I am reviewing the Brother DCP-J552DW multifunction inkjet printer which is part of Brother’s newer budget-focused series of home / SOHO-positioned multifunction printers and “fax-machine replacements”
Most of the printers in this series have auto-duplex printing and Wi-Fi wireless connectivity . The top-most models in this series offer an automatic-document feeder and, in some cases, Ethernet connectivity while the flagship fax-equipped model can support NFC-based printing for your Android-based mobile devices.
|Colour||Colour||Colour / B/W||1 x A4, 1 x 4×6 photo||USB 2.0|
Optimised book copy, other special copy features
|multi-purpose tray||802.11g/n Wi-Fi wireless|
The machine’s standard price AUD$129
Inks and Toners
Officeworks does sell a pack which has each of the colours as a high-capacity cartridge for AUD$78.31.along with a pack that has all of the cartridges plus a supply of “snapshot” paper for AUD$126.
The printer itself
Initial setup and functionality notes
Like most of the Brother inkjet printers, the DCP-J552DW is easy to set up. You may find this confusing at first when you receive a brand-new machine that your starter supply of ink cartridges are taped in a bag above the paper tray and effectively in the printerrather than strewn in the box.
These inks are able to be installed quickly through the use of a front-loading compartment. But it takes five to ten minutes for the Brother printer to effectively get itself ready when have just installed the ink cartridges and is due to the nature of the piezoelectric inkjet system.
Like the Brother DCP-J925DW, this printer uses an A4 paper tray which also has a mezzanine tray for loading a small supply of “snapshot-size” inkjet paper for printing out copies of your digital photos.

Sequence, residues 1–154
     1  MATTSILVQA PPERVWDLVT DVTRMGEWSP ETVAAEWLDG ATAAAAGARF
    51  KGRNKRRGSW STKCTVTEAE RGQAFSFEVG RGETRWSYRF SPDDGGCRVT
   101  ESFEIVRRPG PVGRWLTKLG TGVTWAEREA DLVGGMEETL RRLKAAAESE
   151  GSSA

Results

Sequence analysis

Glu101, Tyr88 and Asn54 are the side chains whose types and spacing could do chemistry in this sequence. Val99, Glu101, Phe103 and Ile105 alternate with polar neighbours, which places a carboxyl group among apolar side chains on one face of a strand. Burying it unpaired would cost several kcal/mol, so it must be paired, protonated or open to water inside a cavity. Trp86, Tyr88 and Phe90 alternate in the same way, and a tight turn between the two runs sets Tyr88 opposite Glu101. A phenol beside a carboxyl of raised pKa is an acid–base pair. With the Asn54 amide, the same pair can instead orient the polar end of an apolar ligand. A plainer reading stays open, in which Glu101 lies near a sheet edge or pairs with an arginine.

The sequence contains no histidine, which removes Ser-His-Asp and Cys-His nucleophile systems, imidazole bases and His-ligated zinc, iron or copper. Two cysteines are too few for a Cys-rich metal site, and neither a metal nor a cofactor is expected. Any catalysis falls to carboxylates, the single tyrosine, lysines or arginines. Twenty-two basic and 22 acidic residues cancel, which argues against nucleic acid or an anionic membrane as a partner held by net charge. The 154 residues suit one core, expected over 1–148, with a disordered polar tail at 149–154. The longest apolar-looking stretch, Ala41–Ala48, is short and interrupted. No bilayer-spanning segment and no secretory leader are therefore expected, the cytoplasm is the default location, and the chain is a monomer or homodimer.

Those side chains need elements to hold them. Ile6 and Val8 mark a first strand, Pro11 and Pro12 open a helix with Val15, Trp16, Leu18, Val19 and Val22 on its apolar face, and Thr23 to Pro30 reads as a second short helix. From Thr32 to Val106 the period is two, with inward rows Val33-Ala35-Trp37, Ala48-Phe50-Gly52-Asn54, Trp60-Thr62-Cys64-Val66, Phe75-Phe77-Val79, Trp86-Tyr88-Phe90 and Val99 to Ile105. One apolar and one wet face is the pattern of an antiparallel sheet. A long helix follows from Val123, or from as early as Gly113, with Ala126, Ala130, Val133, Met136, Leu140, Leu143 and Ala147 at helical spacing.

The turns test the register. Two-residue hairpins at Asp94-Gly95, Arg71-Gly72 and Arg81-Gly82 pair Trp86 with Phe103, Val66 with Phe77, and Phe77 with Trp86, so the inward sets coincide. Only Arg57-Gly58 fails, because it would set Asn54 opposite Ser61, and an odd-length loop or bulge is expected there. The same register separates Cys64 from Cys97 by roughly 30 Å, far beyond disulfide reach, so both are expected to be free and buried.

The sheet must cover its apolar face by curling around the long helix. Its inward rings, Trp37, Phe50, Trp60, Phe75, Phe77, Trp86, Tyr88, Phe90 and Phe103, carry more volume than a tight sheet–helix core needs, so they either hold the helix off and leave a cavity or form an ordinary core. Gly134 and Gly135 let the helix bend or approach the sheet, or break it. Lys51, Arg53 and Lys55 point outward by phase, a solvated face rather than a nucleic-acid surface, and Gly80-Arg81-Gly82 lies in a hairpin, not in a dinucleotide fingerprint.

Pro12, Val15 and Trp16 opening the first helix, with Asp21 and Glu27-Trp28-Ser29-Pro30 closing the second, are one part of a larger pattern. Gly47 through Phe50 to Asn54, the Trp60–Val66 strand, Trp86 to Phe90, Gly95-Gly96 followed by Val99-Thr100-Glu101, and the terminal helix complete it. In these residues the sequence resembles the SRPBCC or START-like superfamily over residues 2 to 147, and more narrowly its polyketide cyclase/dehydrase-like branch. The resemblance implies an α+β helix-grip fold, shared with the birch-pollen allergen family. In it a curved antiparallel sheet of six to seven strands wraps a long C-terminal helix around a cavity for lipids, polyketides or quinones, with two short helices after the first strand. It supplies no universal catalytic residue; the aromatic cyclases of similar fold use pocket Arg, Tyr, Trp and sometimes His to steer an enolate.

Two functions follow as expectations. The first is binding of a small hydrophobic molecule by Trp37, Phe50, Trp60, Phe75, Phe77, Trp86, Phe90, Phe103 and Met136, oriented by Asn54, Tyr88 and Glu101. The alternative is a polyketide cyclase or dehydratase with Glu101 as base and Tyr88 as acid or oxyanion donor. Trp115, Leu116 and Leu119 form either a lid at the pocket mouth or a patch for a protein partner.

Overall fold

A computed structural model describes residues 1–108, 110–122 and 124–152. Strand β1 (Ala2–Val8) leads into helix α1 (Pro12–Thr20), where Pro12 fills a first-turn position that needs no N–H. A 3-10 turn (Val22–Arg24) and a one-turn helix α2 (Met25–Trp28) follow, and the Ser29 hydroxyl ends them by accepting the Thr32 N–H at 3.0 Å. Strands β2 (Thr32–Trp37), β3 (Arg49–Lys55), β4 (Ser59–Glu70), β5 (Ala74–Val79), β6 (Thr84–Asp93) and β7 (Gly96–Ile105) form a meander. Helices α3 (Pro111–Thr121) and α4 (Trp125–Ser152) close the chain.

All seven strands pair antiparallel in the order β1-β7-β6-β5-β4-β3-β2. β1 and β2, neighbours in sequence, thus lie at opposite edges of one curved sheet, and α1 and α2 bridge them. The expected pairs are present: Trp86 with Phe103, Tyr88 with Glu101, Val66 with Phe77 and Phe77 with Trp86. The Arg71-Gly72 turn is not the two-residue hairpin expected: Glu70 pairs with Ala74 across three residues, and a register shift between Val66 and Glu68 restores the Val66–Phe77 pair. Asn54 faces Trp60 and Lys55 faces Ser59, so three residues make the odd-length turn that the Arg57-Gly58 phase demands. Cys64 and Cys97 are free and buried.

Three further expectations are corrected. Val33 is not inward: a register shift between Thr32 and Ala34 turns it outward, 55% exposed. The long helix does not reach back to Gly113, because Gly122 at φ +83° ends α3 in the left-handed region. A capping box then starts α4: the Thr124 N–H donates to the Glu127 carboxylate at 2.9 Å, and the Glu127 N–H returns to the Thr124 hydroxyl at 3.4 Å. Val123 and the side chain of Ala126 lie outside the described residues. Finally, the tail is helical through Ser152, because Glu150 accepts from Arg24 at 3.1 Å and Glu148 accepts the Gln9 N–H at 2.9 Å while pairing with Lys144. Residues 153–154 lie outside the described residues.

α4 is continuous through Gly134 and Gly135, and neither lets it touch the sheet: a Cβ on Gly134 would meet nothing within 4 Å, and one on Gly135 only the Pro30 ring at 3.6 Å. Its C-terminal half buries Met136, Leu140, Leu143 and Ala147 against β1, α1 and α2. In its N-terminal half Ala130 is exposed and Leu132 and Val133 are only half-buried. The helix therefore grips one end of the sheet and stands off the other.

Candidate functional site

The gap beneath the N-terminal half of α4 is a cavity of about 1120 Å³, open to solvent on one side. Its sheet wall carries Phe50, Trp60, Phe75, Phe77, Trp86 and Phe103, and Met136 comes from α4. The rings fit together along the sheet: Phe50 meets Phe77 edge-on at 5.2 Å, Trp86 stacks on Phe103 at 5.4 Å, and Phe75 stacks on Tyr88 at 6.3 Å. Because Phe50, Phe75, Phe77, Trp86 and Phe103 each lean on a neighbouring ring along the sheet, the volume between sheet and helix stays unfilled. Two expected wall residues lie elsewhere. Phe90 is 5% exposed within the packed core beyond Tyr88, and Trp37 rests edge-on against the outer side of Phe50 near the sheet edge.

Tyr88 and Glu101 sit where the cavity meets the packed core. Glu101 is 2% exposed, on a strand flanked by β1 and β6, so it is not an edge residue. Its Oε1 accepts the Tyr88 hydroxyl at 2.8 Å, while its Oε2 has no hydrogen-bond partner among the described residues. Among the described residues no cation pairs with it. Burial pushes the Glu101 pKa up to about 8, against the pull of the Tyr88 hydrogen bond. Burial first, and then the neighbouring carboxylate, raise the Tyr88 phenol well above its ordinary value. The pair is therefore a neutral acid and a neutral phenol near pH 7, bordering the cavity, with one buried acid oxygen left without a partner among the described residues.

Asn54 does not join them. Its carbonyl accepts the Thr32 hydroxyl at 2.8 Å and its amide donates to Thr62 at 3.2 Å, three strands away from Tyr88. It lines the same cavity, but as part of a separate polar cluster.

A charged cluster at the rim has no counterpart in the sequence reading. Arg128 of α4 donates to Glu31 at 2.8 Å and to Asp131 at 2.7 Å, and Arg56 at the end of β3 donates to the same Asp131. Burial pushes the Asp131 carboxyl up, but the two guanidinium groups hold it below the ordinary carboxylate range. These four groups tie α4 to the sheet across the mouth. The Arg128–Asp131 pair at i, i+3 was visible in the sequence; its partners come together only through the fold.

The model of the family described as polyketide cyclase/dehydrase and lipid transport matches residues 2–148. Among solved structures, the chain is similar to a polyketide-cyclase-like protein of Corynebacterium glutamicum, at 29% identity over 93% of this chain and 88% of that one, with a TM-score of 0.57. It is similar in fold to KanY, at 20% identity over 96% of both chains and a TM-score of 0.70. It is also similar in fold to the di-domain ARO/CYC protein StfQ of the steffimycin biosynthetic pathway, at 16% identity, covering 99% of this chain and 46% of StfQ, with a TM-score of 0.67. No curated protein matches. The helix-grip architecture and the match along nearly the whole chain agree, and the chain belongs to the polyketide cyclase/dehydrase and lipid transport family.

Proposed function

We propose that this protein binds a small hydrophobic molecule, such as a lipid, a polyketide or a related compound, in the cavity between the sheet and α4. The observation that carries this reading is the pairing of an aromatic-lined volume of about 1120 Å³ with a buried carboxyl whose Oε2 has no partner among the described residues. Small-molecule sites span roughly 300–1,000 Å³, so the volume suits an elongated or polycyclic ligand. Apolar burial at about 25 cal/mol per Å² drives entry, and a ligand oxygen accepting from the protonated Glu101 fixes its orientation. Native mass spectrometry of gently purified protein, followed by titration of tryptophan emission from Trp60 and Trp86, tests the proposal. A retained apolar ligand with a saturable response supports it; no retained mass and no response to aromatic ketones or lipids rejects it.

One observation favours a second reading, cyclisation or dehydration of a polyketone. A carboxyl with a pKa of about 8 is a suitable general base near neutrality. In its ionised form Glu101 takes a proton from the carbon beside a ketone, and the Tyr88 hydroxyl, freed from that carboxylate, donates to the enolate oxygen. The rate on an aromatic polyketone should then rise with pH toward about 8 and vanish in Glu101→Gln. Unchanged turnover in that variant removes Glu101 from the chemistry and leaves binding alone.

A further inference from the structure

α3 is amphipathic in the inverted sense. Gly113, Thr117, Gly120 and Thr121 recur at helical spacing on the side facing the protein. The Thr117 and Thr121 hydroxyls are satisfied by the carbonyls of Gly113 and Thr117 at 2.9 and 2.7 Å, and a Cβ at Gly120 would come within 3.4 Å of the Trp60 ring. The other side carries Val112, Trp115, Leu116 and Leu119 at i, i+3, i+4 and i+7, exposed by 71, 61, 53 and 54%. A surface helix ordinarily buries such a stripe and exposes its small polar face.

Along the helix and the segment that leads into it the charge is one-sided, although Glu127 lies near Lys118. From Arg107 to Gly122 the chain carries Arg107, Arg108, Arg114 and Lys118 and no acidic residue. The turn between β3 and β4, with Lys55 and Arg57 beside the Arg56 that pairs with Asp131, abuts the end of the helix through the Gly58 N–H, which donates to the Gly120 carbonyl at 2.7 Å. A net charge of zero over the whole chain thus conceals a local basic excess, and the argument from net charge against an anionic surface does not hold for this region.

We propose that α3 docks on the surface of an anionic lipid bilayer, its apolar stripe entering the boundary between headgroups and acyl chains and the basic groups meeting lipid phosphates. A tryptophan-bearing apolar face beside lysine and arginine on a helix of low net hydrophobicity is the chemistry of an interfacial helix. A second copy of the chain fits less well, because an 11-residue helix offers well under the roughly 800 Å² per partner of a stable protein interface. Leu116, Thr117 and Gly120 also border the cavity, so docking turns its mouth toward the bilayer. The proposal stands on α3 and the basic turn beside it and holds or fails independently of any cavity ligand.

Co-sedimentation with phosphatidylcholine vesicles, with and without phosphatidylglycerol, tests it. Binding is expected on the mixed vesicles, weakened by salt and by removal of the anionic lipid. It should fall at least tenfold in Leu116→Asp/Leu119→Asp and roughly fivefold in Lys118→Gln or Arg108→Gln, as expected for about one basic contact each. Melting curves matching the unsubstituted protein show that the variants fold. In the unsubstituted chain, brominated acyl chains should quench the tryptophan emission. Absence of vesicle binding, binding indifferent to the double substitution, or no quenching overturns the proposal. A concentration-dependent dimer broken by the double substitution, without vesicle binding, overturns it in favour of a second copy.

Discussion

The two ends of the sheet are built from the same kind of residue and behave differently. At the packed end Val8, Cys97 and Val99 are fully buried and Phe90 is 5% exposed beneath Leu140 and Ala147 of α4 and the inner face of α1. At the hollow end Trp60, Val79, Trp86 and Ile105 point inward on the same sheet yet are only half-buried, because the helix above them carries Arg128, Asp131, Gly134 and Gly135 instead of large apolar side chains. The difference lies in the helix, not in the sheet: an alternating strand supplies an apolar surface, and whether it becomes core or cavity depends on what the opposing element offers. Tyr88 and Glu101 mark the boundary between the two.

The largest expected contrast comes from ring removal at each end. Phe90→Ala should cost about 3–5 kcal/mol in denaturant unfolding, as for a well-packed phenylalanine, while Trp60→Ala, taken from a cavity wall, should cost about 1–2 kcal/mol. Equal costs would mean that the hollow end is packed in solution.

As for integration with the network, you are able to use the printer’s touchscreen to enter your network’s parameters or start a WPS setup routine. Like an incresing number of network-capable consumer multifunction printers, the Brother DCP-J552DW uses Wi-Fi wireless connectivity only.
Walk-up functions – can be started from printer’s control surface
There is the usual collection of “walk-up” functions available on this printer and, for that matter, this printer does them the right way. Herem the user interface is through a touchscreen which offers a highly-flexible level of functionality. There is even the ability to set up “preset tasks” for common scanning and copying scenarios such as double-sided copy or ID copy.
For copying, there is a lid that you can pull up by its sides in order to improve the quality of copies made from bound materials. Very often, this is a job that is often performed to make recipes, music pieces and similar work available in a portable manner or to avoid losing or damaging the cookbook or music book when you are using it.
Businesses also appreciate the ability to use ID copy which works well without needing to reposition the card in another location on the glass platen. It could work best if you had the card in a vertical position on the glass rather than the horizontal position.
Printing from Web services
Like the previously reviewed Brother MFC-J410DW landscape-printing multifunction printer, this unit supports the ability to print from Web services. Here, you use the Brother Web Connect page to link your printer with Dropbox, Facebook and co to print resources on these sites. This is actually the formation of Brother establishing a Web app platform with scan-to-email and outline copy / scan functionality.
In my opinion, who knows whether Brother will link all of their device classes i.e. these printers, the label printers and their craft equipment especially the high-end embroidery machines with this app platform.
The driver’s setup routine for the Brother DCP-J552DW leaves a lot to be desired because it doesn’t automatically detect the printer quickly. Here it required me to enter in the printer’s IP address or Node name, these details which I was able to find on the printer’s control panel display under Settings – Wi-Fi. Other than that, the driver and other software worked properly when I had it in place.